Bearclaw Siika spruce has a shallow, cross-grain curl that seems to increase cross-grain stiffness in acoustic guitars. Strong, focused tone with strong fundamental — perfect for flatpicking styles. The sapele version we bought unheard from an online picture but based … Comparable to mahogany with consistent, balanced tone, this African tonewood is sometimes seen as the poor-man’s mahogany (Martin sometimes offers it as a substitute on the company’s popular 000-15M model)—it is slightly denser than mahogany and produces a brighter tone. With that said, there are some steel acoustics out there which use cedar. It falls tonally between Spruce and Cedar, leaning toward a warm Spruce top in sound and stiffness. An inexpensive option like sapele, for instance, which is sometimes called Africa mahogany, behaves a lot like Honduran, but adds a little treble shimmer. One that comes to mind is Washburn’s WD160SW. On that note, it is always recommended that you get the best your money can buy, even as a beginner. Would appreciate your opinion. The Dreadnought Junior is designed for players looking for big Dreadnought sound in a slightly smaller body. The DJR-10E has a solid Sitka spruce top and solid sapele back and sides. The guitar has scalloped X-bracing, a 14-fret neck joint, and a solid peghead. The back and sides of the 114CE are made of layered sapele. We haven’t covered all the possible types of tonewood, or their combinations, since doing so is borderline impossible. Free shipping.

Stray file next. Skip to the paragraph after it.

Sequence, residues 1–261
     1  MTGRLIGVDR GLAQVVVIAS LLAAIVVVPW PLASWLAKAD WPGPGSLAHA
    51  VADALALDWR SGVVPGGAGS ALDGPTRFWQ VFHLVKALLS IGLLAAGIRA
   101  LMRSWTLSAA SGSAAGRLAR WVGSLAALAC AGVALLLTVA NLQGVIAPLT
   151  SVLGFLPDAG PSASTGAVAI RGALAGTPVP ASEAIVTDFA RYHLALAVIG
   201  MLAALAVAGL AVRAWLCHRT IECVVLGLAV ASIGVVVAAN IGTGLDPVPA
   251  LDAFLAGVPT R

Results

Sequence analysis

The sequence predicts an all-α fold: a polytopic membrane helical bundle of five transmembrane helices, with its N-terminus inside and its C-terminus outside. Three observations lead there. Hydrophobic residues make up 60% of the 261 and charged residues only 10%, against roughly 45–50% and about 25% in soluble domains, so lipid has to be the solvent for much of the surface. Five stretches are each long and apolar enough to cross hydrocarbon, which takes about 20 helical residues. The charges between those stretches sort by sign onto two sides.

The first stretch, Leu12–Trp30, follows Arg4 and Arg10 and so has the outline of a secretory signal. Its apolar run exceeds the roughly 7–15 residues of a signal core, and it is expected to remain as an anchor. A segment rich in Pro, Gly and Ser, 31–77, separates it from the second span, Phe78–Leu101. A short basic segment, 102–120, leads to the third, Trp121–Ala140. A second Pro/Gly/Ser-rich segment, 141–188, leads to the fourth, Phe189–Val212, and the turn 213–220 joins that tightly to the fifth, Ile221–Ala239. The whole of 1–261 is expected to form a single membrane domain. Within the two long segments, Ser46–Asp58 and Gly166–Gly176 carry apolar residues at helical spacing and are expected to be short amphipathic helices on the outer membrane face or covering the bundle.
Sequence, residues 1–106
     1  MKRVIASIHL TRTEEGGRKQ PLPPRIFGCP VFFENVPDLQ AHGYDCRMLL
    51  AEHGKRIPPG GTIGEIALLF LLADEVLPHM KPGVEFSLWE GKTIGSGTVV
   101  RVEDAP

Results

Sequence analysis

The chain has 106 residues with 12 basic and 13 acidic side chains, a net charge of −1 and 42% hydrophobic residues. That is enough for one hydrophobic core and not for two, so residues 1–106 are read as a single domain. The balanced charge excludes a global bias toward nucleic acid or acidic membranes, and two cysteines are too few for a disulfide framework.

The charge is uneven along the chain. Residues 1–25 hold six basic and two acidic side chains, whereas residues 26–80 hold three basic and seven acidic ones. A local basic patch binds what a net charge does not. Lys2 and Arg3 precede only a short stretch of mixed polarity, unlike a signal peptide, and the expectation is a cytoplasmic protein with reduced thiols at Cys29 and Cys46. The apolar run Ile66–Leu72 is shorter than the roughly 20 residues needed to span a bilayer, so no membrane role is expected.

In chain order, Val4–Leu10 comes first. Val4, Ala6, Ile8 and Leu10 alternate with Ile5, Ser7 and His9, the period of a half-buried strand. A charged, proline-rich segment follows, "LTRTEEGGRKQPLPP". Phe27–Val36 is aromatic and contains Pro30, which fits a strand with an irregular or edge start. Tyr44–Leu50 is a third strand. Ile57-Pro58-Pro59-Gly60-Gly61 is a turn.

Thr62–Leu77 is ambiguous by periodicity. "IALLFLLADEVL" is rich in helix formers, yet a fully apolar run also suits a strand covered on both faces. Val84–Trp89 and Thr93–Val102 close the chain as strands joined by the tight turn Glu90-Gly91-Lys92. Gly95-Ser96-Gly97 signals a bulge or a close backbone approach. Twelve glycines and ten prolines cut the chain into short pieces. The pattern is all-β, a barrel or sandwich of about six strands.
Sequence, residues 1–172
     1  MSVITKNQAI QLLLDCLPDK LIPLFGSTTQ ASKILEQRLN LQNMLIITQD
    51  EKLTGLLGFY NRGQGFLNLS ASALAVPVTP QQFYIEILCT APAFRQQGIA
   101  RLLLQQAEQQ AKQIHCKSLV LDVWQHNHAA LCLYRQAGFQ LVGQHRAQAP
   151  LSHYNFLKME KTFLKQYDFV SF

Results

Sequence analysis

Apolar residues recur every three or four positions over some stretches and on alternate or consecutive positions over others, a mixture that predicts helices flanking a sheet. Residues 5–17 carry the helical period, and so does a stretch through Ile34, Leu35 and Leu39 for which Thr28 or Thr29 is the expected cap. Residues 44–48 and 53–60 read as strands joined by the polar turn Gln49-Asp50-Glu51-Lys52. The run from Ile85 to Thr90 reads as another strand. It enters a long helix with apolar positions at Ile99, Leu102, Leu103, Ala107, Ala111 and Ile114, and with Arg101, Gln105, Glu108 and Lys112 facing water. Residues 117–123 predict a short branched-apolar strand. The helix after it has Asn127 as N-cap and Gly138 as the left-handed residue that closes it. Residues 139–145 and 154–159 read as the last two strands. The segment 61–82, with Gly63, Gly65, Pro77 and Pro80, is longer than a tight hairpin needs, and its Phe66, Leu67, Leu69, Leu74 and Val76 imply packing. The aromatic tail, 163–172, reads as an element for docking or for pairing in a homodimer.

Acoustic vs Bass Guitar: Which is better for Beginners? Sapele is a fast growing and highly sustainable African wood which is protected from over harvesting making it a fabulous choice for the environmentally aware. A couple of other variables that impact a guitar’s sound are its setup—an instrument with overly low action tends to have an anemic tone even if it’s made from the most optimally resonant tonewoods—and even its scale length. For these reasons, a cedar-topped guitar is a good choice for a fingerpicker (it’s common on classical nylon-string guitars), but not necessarily a strummer with a heavy attack. Our demo guitar had the optional sunburst top finish, giving it a vintage appearance. Because it is in lesser supply than Sitka, Engelmann often costs more. This wood tends to have a honeyed color and is known for its sonically analogous dark and lush tone, and also for being generally less bass-y and projective than spruce. Major acoustic guitar companies, like Taylor Guitars and Martin & Co., now offer dozens of standard tonewood choices—solid woods, laminates, and synthetics—while a major supplier like Luthiers Mercantile International carries scores of options, including increasingly popular thermally cured soundboards. With a Sapele or Sitka Spruce top, and Sapele back and sides, this solid wood Dreadnought model is simply a great sounding guitar at a very good price. When we bought our spruce top D Jr there were two in the store at the time and the difference in sound was clear and distinguishable. Whether you are looking for an affordable guitar or a top tier one, the type of tonewood used for the top is one of the most important things to pay attention to. The tone it offers is pretty bright with enough kick in the higher portions of the frequency range. The Martin Road Series D-10E adds New Fishman Electronics and Mother-of-Pearl Inlays for 2019! “It exhibits some of the warmth of rosewood and some of the breath of mahogany.”, Taylor K24ce Koa ES2 Grand Auditorium; Dean Exotica Koa, An excellent North American tonewood for back and sides is maple, Eastern hard-rock and Western big-leaf maple being the most commonly used types. That’s led to the use of sustainable woods for more than a decade, Martin Guitar, for example, has offered models built with woods certified by the Forest Stewardship Council (FSC). It’s also doubtful every sapele Junior features this kind of irregularity. As such, maple is known to produce high definition tones across the spectrum while its projection is almost next to none. Of course, you’ll want to play, and listen to, as many different options as possible before choosing your dream guitar. Does a little irregularity in the grain affect the sound? At one time, sapele was frequently labeled as mahogany, but it’s from a different family and is now recognized by the guitar community for its own identity. Taylor is no stranger to Lutz; the world’s largest acoustic-guitar manufacturer introduced this tonewood into its lineup in January with the revoiced 500 series. SITKA SPRUCE PICEA SITCHENSIS. What most of these have in common is hardness. “One of its singular characteristics is that it’s almost perfectly transparent—it doesn’t sound like anything, which isn’t usually how you want a top to respond.”, Examples: Fender T-Bucket 400 CE; Rayco Squareneck Resonator. After all, it’s what’s been used on stringed orchestral instruments for centuries.”. Mahogany is generally one of the densest tonewoods used in making modern guitars, both electric and acoustic. A couple of years ago, Taylor Guitars expanded its use of maple on backs and sides, and has undertaken an active maple reforestation program. Examples: Martin D-15M; Breedlove Pursuit Concert Koa, Maple is occasionally used for soundboards, but more often for backs and sides, due to its flatness of sound and for its relative shortness of decay—an attribute that happens to make the wood more resistant to feedback in amplified situations than rosewood or mahogany. It’s a lighter and less stiff variety than Sitka, and it has stronger overtones and weaker fundamentals. Maple necks can impart a bright, poppy tone that can do much to reinforce the top end of a large-bodied guitar, while mahogany necks help push the overall palette into a warmer, more woody tonal range. Examples: Rainsong Black Ice Series; Kevin Michael Touring Carbon Fiber; Martin 000X1AE; Blackbird El Capitan. Clearly not, as we’ll find out. The texture has been sculpted by the river and is very pleasing to the eye.”. A unique guitar built of woods from the dawn of civilization (featured in the June 2016 issue of AG). It looks something like genuine mahogany, but sapele has a higher density and often produces a … It is softer by nature, and generally more mellow. When you go out shopping for an acoustic guitar, you will often see tonewood being declared as either solid or laminate. Compared to spruce, Sapele is much closer to mahogany in its tonal characteristics. Hi I'm sorry for starting another thread, but my old one was too old and overlooked I guess. The reason for this is its abundance and the fact that it brings a good balance of tone. Lively materials—those with a high velocity of sound, or low internal damping—best facilitate the transmission of vibrational energy (sound waves oscillating from the bridge). Occasionally the denser mahogany logs would sink! Rosewood, which takes the name from its characteristic floral scent, is an ideal tonewood for backs and sides. So, what a great way to test between a guitar with a mahogany top and a spruce top. A guitarist flush with cash might opt for an instrument with a spruce top and rosewood back and sides, while one with lesser means would go for plain mahogany back and sides, and a player with even less cash, or a beginner, might choose an unadorned all-mahogany instrument. Out of all the tonewood types available, spruce is one of the most commonly used. There was a time when guitars sported a limited range of tonewoods, when steel-string players paid little mind to their distinctions, other than financial considerations. “Honduran is my personal favorite,” Boak says. This presents an interesting conundrum for the acoustic guitarist—what are the perfect woods for your sound? Kala KA-FMSG Soprano Ukulele with Solid Spruce Top … Its color ranges from yellowish to reddish brown to darker gray with black stripes, resulting in an attractive grain with an attractive flame. The tone it offers is pretty bright with enough kick in the higher portions of the frequency range. “But it has the uncanny ability to add complexity The Things that Are the Same. The information we’ve presented you with today should allow you to make the best possible decision. “This is material from the bottom of Belizean rivers. Taylor GS Mini-e Bass Sitka Spruce/Sapele Acoustic Bass ES-B Electronics /CASE. In response to this unfortunate, but predictable, situation, but partly out of pure experimentation, builders also have sought alternative tonewoods, or, in some instances, they’ve used such synthetics as carbon fiber. Koa is native to Hawaii and is used commonly on ukuleles, but less so on guitars. This light tonewood is found in acoustic guitars at Breedlove Guitars. Wenge, a dense, dark-colored African hardwood unrelated to the rosewoods, has tonal properties remarkably similar to those of Brazilian rosewood. Sustain  Natural reverberation that results in a lasting, ringing tone. It has a relatively high velocity of sound, and the highest strength to weight ratio than any other wood. Examples: Martin DRS-1; Taylor ‘Baby Taylor’. Maple can be loud and projective. On the other hand, supplies of premium tonewoods have been diminishing due to increased demand, land development, and poor forest management. It has the same bass and treble as rosewood, but a bit more mid-range. Tradition casts such a strong spell in the guitar world, especially among high-end instruments, that it is difficult for a “new wood” to gain any sort of status recognition. A fully-realized instrument of solid tonewoods in a smaller dreadnought body. So any attempt to sort out distinctions between tonewoods can only be offered from a relatively subjective point of view.”. The reason for this is the fact that cedar brings a whole lot of warmth to the tone. Velocity of Sound The speed at which a material transmits received energy. to the tone.”, A spruce soundboard on a new guitar can have a bit of an edge to its tone, and many players like the way it starts to open up with playing time—something to take into account when auditioning any brand new spruce-topped instrument. The GS Mini has a solid Sitka Spruce top; The GS Mini Mahogany has a solid Tropical Mahogany top; That’s it! For its 600 series, the company uses North American maple, grown in healthy forests with good stewardship, ensuring that it will be available for generations to come. “Whether a particular wood sounds good or bad depends partially upon who’s doing the listening. Brazilian rosewood guitar.). After all, this portion of acoustic guitar’s body is responsible for projection and volume. However, where it really comes to life is the mid range. But overall, sapele is known for warm resonance and good projection. It was widely used on pre-war and vintage instruments. Walnut behaves similarly to maple, though it has its detractors. So, in the studio, mahogany backs and sides can be preferable to rosewood. Small in stature, the D Jr. 2 Sapele is big in voice. With that said, guitars with laminate body parts are generally cheaper, which makes them much more attractive to those who are on a budget. Slabs of tonewood from an ancient mahogany trunk known iconically as The Tree are among the most coveted tonewoods—even Slash of Guns N’ Roses had a custom acoustic built from The Tree (read about it in the March 2016 issue of AG). Plus the material has a very interesting natural edge. Here are some of the most popular choices you are going to see on the market. The least expensive guitars have bodies made entirely from laminated tonewoods, but many good-quality, affordable options pair solid soundboards with layered backs and sides. With its spice-like scent and far-ranging coloration (with deep, black grain), this Central American relative of rosewood is known as the “piano of tonewoods,” since it produces a bright, sparkling tone that accentuates the treble. Rare, expensive but ultimately unique, rosewood back and sides bring a very complex dose of warmth, brightness, and projection. Spruce is the most common tonewood for the steel-string soundboard (there are a half dozen species in the Northern Hemisphere). Reply. Sitka Spruce is used more than any other species for guitar soundboards. Sapele and ovangkol. That’s why it’s used in the vast majority of new rosewood guitars. It’s not as widespread, but you see it often enough across different categories of acoustic guitars. It’s a relatively heavy and stiff wood, having strong fundamentals, but a greater overtone content than Sitka, and it tends to be the loudest and liveliest of spruces as well. Unfortunately, Brazilian rosewood – which was always held in high regard – is borderline nonexistent. August 10, 2020 at 8:07 am. Excerpted from the 1994 Acoustic Guitar article “Tapping Tonewoods.”, The back and sides contribute far less than the soundboard to a guitar’s sound, but their composition is nonetheless important. While some laminate guitars do sound decent, solid wood is what you generally want to have on your guitar. Some less common alternatives to Brazilian rosewood, which share some of that prized tonewood’s winning qualities, include Honduran, Guatemalan, and Madagascar rosewood, as well as cocobolo, granadillo, ovangkol, wenge, and ziricote, among others. Compared to spruce, Sapele is much closer to mahogany in its tonal characteristics. Ebony, the traditional fingerboard material found on violins, classical guitars, and high-end steel strings, has the lowest velocity of sound of all the woods commonly used in lutherie and has definite damping characteristics. The Taylor GS Mini is the ultimate grab 'n go acoustic guitar. When it comes to tonewood and acoustic guitars, different kind of wood is going to be used for different parts of the instrument. I think it sounds "pretty" or even sweet, but I also use sweet to describe what I hear in guitars topped with mahogany rather than spruce and what I hear in sapele is a different sound than that. I am purchasing an online guitar with Spruce top, Sapele back and sides. . The logs were cut in Belize using local labor. Examples: Taylor GS Mini; Martin LX ‘Little Martin’, Salvaged & Sustainable Old-growth Tonewoods. It is incredibly dense and strong. However, it also saturates the tone with warmth in specific parts of the range. By the time we are done, you should have a pretty clear understanding of this topic. Adirondack Red Spruce. The British exported a lot of mahogany from Belize throughout history and during the 19th century they used the rivers of Belize as their main source of transportation. In 1992, it was added to the Convention on International Trade of Endangered Species treaty, and then, in 2008, to the federal Lacey Act, which made it impossible to import Brazilian rosewood without a labyrinth of permits and paperwork. You will get a bigger projection but I can’t assume that’s what you want. When it comes to acoustic guitars, the type of wood used will still make a significant difference. “Differences between woods can be as mysterious and complex as differences between people,” Maine luthier and AG contributor Dana Bourgeois has written in this magazine. but also harmonic content, clarity of tone, and high-, low-, and mid-bias. Primary top wood for Martin guitars. It’s not as widespread, but you see it often enough across different categories of acoustic guitars. Pledge your support and get bonus lessons! Ortega Guitars RUK10FMH Ruk Series Soprano Ukulele with Flamed Mahogany Top & Sides $84.00. Falling between rosewood and mahogany is koa—a tonewood Martin first used on guitars in 1917, as a craze for all things Hawaiian swept across America. 300 Series: Sapele or Tasmanian blackwood back/sides, Sitka spruce (Sapele back/sides) or mahogany top (Tasmanian blackwood back/sides). If you like a dark, grainy wood look on your guitar, perhaps the Sapele version is your choice. Examples: Martin Custom Shop 000-14; Luna Vista Wolf Grand Auditorium. “Differences between woods can be as mysterious and complex as differences between people,” Maine luthier and, Slabs of tonewood from an ancient mahogany trunk known iconically as The Tree are among the most coveted tonewoods—even Slash of Guns N’ Roses had a custom acoustic built from The Tree (read about it in the March 2016 issue of. “In general terms, the top seems to affect the guitar’s responsiveness, the quickness of its attack, its sustain, some of its overtone coloration, and the strength and quality of each note’s fundamental tone,” Bourgeois notes. Taylor GS Mini Rosewood Acoustic Guitar - Natural. While Brazilian rosewood has been offered in fancy instruments since then, both by guitar companies and independent luthiers, it has become even trickier to obtain. This maple is supplied by Pacific Rim Tonewoods, a company with thoughtful practices when it comes to sourcing and preparing woods for musical instruments. A guitarist flush with cash might opt for an instrument with a spruce top and rosewood back and sides, while one with lesser means would go for plain mahogany back and sides, and a player with even less cash, or a beginner, might choose an unadorned all-mahogany instrument. I was looking at getting a Martin Gpcpa3 guitar acoustic and it costs $1699 at guitar center. You will see this with guitar tops a lot more than bodies. Free shipping. Abundant and relatively affordable, maple is one of the most common types of tonewood used in guitars production in general. The supplier hails Lutz spruce for its “hybrid vigor.”. From the October 2016 issue of Acoustic Guitar | BY ADAM PERLMUTTER, Fundamental vs. Overtones  A fundamental tone is the initial sound heard when you pick or pluck a note (and which decays at varying rates depending on the sustain); the overtones are complex harmonic layers that can make the note swell after the fundamental is initiated. But over-harvesting of this wood led to its being all but phased out for use in guitars in the years after the war. ... Adirondack is generally slightly heavier and stiffer resulting in a louder guitar, but they are all relatively loud top woods. How important the tonewood is to a guitar player is going to depend on that person’s experience and skill. Acoustic Guitars - This tonewood works best with a light touch and lighter strings. A good example of a Sapele solid top acoustic guitar is Eastman’s AC-DR2. Torrefaction  A process in which the soundboard is thermally cured in an oxygen-free environment to alter the cellular structure of the wood in a manner that replicates an aged tone. When it comes to back and sides of the guitar, we start seeing somewhat different tonewood being the standard. Sitka, which grows in coastal rainforests in the Pacific Northwest, is used most often, though such manufacturers as Taylor Guitars have introduced Lutz spruce, a hybrid of Sitka and white spruce that reportedly has some of same tonal characteristics of Adirondack spruce. All of the Sitka spruce used in soundboards by Bedell Guitars, for instance, comes from trees that have fallen or are dead in Alaskan forests. These logs for over 100 years had been lost and forgotten, until now.All the logs were salvaged using environmentally sound practices using small boats and pulleys to remove these logs off the bottom of the rivers. Let’s take a look at the things that are the same just to illustrate how similar these guitars are besides their top. The sapele top features some odd figuring that would probably never make the cut on a 15-Series guitar. Rick says. Bridge materials, like fretboards, cannot make or break an instrument, but they serve to enhance or edit the tonal contributions of other materials found on the guitar. But it has Sitka spruce body with sapele back and sides. Examples: Taylor 416-R; Gibson J-45; Martin D-16RGT. Not all builders find maple to be a suitable top material, though. The electric/acoustic hybrid incorporates a three-pickup configuration: an acoustic body sensor, a concealed neck humbucker, and a visible bridge humbucker. The Phenomenal Martin Sound of D-10e “Great stiffness gives the wood greater resonance, all other things being equal, and allows the luthier greater leeway to alter the tone and response of the top by changing the thickness.”. In no small part due to its use in classic Martin guitars, Brazilian rosewood has long been considered the Holy Grail. I’m not really fond of walnut, although it sometimes pleasantly surprises me,” Boak says. In a more ambitious development, in 2011 Taylor bought an ebony mill in Cameroon, Africa, and is now the world’s biggest legal producer of that wood, used most often for fingerboards and bridges. If you find yourself in this position, this tonewood primer should help steer you in the right direction to realize your musical vision. As supplies of classic tonewoods like spruce, rosewood, and mahogany are being threatened, luthiers and guitar companies look to sustainable alternatives such as salvaged woods. It’s used increasingly in modern guitars, though. With that said, let’s take a look at different types of woods used for the top, and then we will check out what usually works best for back and sides. Today we are going to talk about different types of tonewood and how they impact the sound of your acoustic guitar. And then there’s the green thing: by definition, laminates help guitar makers make the most efficient use of precious materials from the forest. This African relative of rosewood shares many of its tonal properties, and it is sometimes known as African rosewood. 200 Deluxe Series: The 200 Series with the addition of ES2 electronics, small diamond fretboard inlays, and hard shell case. Let’s get to it Species selection can, however, be a determining factor in the creation of a very special guitar or a guitar designed for a specific purpose. Last but not the least, we have maple. (Under those U.S. and international statutes, documentation is required to travel with a On the other hand, spruce has a more definite, brighter tone, and louder projection. That is what I like. The color is excellent and the grain is tight. On the other hand, a beginner will be no wiser. While rosewoods might sound amazing, a guitar made from this species, with its complex overtones and sustain, can present headaches for a recording engineer. However, where it really comes to life is the mid range. The Music Zoo is always impressed by the quality Martin Guitars brings to the table, and the Martin D-10E is no exception. Extremely vibrant providing an ideal “diaphragm” for transmission of sound on any size and style of stringed instrument. East Indian rosewood—sometimes referred to just as Indian rosewood—is native to the tropical monsoon forests of southeast India and is much easier to source than its Brazilian counterpart. The company also is planting its own maple forests, as well as stands of koa on the Hawaiian islands. Native to southeastern Brazil’s Atlantic Forest, this precious tonewood, also used for centuries in high-end furniture, became difficult to source in dimensions large enough for guitar-making in the last half of the 20th century. Because of this, in 1969, Martin started using Indian rosewood instead of Brazilian. Some call it the “holy grail” of topwoods. So is that kind of wood bad like cheap? It’s known for its tight grain pattern and its high stiffness and relative lightness, translating to a broad dynamic range that stands up well when strummed heartily. Belize used to be a British colony. “Indian rosewood has a lot of the same characteristics of Brazilian rosewood—but just a little less of everything,” Bourgeois says. “The tree doesn’t grow very large, and it’s hard to find supplies sufficient for a two-piece back.